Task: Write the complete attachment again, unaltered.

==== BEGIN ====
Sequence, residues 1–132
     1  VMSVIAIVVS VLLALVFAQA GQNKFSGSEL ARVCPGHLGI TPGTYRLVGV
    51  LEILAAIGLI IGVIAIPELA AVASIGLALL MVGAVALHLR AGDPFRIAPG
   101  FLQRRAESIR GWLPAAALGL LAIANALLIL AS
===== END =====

Sequence, residues 1–132
     1  VMSVIAIVVS VLLALVFAQA GQNKFSGSEL ARVCPGHLGI TPGTYRLVGV
    51  LEILAAIGLI IGVIAIPELA AVASIGLALL MVGAVALHLR AGDPFRIAPG
   101  FLQRRAESIR GWLPAAALGL LAIANALLIL AS